Student Elections Nullified by Fraud
The University of Chicago student government will hold new elections this Tuesday in the wake of a scandal in which the president of the government admitted to ballot-stuffing, said David Rosen, the university's associate vice president for public affairs.
The ballot-stuffing and a host of other irregularities--including the fact that the government vice president was not an enrolled student--rendered illegitimate the previous election, held in mid-October, according to a report by an ad hoc committee formed by the Student Assembly.
The 28-page report, researched after the president admitted to cheating, stated that the election's poorly laid out ballots, improper timing, and lack of proportional representation of the student body in the government required that all 50 assembly members seek reelection.
"A large number of constitutional violations led this committee to conclude that the election was a fraud to the extent of being unconstitutional and thus unacceptable to the University at large, and particularly to the student government of the University," the report stated.
"Anyone who cares about [the scandal] at all is really disgusted," said Larry Peskin, news editor of The Chicago Maroon, the university's undergraduate newspaper.
The scandal started to unravel when junior James C. Jacobsen, the assembly vice president, privately confronted the president of the government, junior Kathryn E. Sampeck, with evidence that he said proved that she had stuffed a ballot box while working as a poll watcher in a campus cafeteria.
Faced with Jacobsen's evidence, Sampeck publicly admitted that she had stuffed ballots, announcing her resignation the next day at a meeting of the assembly election committee, said William F. A. Penn, chairman of the government's finance committee.
Sampeck hinted in her resignation speech that she was not the only one who had cheated and suggested that Jacobsen also committed election indiscretions, Penn said.
"What I did was just a reaction to what was going on," Sampeck said in an interview, adding that she had cheated in retaliation against Jacobsen's earlier cheating.
The outgoing president's insinuations prompted the assembly to form the ad hoc committee, composed of students, to investigate the election. Late last month, the committee its report, which cited a spate of constitutional violations, stated that Jacobsen--who was chairman of the election committee--was not an officially enrolled student, and called for new elections.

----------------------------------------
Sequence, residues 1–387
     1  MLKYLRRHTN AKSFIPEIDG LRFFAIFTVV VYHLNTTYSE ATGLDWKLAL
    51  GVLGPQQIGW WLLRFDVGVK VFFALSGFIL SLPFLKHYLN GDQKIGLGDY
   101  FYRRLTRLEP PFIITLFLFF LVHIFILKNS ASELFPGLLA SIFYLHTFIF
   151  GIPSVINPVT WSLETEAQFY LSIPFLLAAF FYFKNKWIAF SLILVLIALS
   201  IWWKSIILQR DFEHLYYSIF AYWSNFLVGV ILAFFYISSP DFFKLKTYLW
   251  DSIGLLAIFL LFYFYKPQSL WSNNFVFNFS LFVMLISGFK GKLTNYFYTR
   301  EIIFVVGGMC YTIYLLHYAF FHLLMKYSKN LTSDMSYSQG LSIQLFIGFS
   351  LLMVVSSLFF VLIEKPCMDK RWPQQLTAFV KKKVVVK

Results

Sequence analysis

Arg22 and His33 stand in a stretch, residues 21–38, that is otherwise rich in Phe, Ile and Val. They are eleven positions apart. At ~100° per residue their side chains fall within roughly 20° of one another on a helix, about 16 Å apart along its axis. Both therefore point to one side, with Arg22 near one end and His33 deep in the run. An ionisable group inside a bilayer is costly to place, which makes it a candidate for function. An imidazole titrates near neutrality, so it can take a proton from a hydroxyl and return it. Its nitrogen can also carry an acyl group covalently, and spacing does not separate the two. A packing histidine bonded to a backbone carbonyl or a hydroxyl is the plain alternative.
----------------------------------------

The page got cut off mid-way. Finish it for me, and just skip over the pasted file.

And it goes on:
The report questioned whether names were placed on the ballot in random order, or in an order calculated to help the candidates whose names were on top. It also criticized as an "error in judgement" the use of candidates as poll watchers.
In addition, the elections were not held within a constitutionally-determined time frame, and the geographical distribution of candidates did not conform with a rule requiring proportional representation, the report stated.
The new elections will be monitored by a committee of four specially recommended students who are not involved in the student government, Rosen said.
In order to avoid confusion, the new elections will be held on one day instead of two, and will use five polling spots, not 11 as before, In addition, no candidates will serve as poll watchers, and stricter verification procedures will check the names of students who vote, Rosen said.
"With the system as it was set up before, it was very easy for something to happen," Sampeck said. "The way it is set up now, the opportunity is not there anymore," she said.
Chicago students and officials said that, ironically, the scandal has fostered interest in student government and more students are running for office than before.
"For the first time in a while there are more candidates than positions to be filled," Rosen said.